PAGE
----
-- PA Capital-Star: Advocate David Thornburgh: Opening PA’s Primaries Is The ‘Right And Smart Thing To Do’

-- AG Shapiro Releases Special Report On Fentanyl Becoming Dominant Opioid In PA

-- MCall: PA Counties Go Their Own Ways In Getting Aid To Families Of Babies Born With Withdrawal Symptoms

-- Independent Fiscal Office Initial Revenue Estimate For FY 2022-23 $47.7 Billion Up From  FY 2021-22 $41.9 Billion

-- PA Capital-Star: Flush With Cash, PA Could See Its Surplus Go Down The Drain

-- The Center Square: Fiscal Office: A 60% Chance Of Stagnation For The PA Economy

-- PennLive: PA Senate Panel Holds Hearing On Juvenile Justice Reform Bills, But Advocates Ask For More

-- Spotlight PA: Sen. Haywood Urges Legislature To Make It Easier For Attorney General To Investigate Killings By Police

-- PennLive: Many Records For People Convicted Of Murder, Rape And More Are Being Hidden From Public In PA Under ‘Clean Slate’

-- PennLive: Fmr AG Kathleen Kane Pleads Guilty To Probation Violation, Sentenced To Treatment Program

-- PennLive: Gunfire Inside York County Walmart Triggered By Confrontation In Store

-- Warren Times: Automatic Knife Legalization Bill Passes State House [Switchblades]

-- Scranton Times: Education Group Finds Private Cyber Charter School Used Taxpayer Money For Concert Tickets, Vacations, Arcades

-- TribLive: Proposal Would Require Greater Public Access To Records From Pitt, Penn State, Others

-- Post-Gazette: Pittsburgh-Based Arconic Metals Plant Supplies Russian Military, Now The Company Is Trying To Sell It

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[Posted: May 24, 2022]  PA Environment Digest

U.S. Dept. Of Interior Invites Comments On Draft Guidance For New Federal Abandoned Mine Land Grant Program Under Bipartisan Infrastructure Law

On May 23, the U.S. the Department of the Interior
released draft guidance for eligible states and the Navajo Nation on how to apply for the first $725 million in funding available for reclaiming abandoned mine lands (AML) as part of the federal Bipartisan Infrastructure Law. 

The law provides a total of $11.3 billion in AML grant funding over 15 years, to eligible states and Tribes to help communities eliminate dangerous environmental hazards and pollution caused by past coal mining while creating jobs and providing opportunities to revitalize coal communities.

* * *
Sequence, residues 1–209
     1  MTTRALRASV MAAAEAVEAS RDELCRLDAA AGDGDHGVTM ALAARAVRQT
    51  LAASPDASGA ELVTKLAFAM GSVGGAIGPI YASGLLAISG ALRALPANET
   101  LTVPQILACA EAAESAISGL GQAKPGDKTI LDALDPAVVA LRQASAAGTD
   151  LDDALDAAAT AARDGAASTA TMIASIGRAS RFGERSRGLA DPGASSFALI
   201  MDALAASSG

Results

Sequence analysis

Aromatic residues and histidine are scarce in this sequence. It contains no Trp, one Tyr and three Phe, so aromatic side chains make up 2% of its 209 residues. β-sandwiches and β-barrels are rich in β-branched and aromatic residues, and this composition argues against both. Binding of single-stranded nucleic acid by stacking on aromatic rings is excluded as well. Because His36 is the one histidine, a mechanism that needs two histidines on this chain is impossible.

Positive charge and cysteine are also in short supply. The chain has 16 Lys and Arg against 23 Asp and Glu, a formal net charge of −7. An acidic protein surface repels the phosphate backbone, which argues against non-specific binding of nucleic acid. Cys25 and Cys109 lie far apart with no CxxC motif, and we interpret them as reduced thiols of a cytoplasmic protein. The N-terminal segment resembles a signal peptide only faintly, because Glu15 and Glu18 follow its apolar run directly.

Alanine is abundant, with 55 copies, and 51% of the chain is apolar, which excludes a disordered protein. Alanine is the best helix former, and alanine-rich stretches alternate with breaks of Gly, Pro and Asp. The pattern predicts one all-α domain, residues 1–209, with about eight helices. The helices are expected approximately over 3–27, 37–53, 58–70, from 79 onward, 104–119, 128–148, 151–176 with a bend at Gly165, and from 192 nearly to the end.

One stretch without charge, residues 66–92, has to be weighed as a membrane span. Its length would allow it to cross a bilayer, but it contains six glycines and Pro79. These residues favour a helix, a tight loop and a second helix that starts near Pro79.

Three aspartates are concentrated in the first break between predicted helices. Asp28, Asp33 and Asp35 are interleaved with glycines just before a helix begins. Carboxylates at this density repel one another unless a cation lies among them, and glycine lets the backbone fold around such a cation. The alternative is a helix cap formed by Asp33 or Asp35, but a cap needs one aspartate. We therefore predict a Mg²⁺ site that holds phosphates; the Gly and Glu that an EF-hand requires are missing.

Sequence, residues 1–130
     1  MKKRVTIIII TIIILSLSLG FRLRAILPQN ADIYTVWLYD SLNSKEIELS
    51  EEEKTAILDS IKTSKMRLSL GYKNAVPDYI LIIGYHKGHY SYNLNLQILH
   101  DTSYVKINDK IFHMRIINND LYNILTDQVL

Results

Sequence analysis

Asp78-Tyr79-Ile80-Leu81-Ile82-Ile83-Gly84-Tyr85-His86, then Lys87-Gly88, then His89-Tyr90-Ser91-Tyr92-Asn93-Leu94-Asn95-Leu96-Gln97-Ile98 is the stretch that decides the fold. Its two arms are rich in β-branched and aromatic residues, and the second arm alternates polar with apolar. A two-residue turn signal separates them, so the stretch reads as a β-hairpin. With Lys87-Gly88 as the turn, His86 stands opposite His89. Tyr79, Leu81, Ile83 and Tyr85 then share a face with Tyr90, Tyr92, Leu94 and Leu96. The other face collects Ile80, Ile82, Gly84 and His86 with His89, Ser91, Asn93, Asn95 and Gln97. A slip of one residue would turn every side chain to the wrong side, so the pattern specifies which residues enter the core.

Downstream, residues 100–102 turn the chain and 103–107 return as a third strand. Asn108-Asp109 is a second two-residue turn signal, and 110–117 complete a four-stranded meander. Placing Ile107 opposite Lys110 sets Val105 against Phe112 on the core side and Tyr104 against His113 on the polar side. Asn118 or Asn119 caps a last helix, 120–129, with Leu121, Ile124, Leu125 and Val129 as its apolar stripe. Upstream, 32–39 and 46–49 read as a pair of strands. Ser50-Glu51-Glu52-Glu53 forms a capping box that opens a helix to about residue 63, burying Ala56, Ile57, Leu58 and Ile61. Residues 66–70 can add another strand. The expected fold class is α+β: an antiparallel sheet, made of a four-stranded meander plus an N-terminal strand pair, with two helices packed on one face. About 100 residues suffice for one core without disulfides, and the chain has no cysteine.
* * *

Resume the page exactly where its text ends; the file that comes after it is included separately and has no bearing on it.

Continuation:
AML reclamation projects support vitally needed jobs by investing in projects that close dangerous mine shafts, reclaim unstable slopes, prevent releases of harmful gases, including methane, improve water quality by treating acid mine drainage and restore water supplies damaged by mining. 

AML reclamation projects also enable economic revitalization by rehabilitating hazardous land so that it can be used for recreational facilities or other economic redevelopment uses like advanced manufacturing and renewable energy deployment.

“President Biden’s Bipartisan Infrastructure Law makes historic investments in coal communities that will help revitalize local economies and support reclamation jobs that put people to work locally, including current and former coal workers, all while addressing harmful environmental impacts from these legacy developments,” said Secretary of the Interior Deb Haaland. “The Biden-Harris administration is committed to addressing legacy pollution and helping working families who face hazardous pollution, toxic water levels, and land subsidence both during mining and long after coal companies have moved on.”

The draft guidance provides instructions to eligible states and the Navajo Nation on how to apply for fiscal year 2022 AML grants under the Bipartisan Infrastructure Law. 

It also provides guidance to applicants to ensure that activities funded under the program are putting people — especially current and former coal miners —to work protecting the environment, investing in disadvantaged communities consistent with the President’s Justice 40 Initiative, and safeguarding taxpayer money in a transparent and responsible manner.

Comments on the guidance can be emailed to getinfo@osmre.gov by 11:59 PM ET on June 13, 2022, and will help inform any changes moving forward. 

The Department will host a public comment webinar on the guidance, details to follow.

Related Articles:

-- Federal Office Of Surface Mining Awards PA $26.63 Million For Mine Reclamation Projects Related To Economic Development

-- Casey, Cartwright Introduce Bipartisan Bill To Fund Abandoned Mine Treatment O&M Costs

-- PA Abandoned Mine Reclamation Conference June 22-23

[Posted: May 24, 2022]  PA Environment Digest

Pittsburgh International Airport, CNX Announce Strategy To Reduce Emissions, Costs For Transportation, Other Industries

On May 24,
Pittsburgh International Airport officials announced a new phase of their ongoing partnership with locally-based natural gas exploration, production, midstream, and technology company CNX Resources Corporation aimed at further reducing carbon emissions in the transportation industry and related sectors – by using natural gas produced at the airport and converted into alternative fuel with CNX proprietary technology.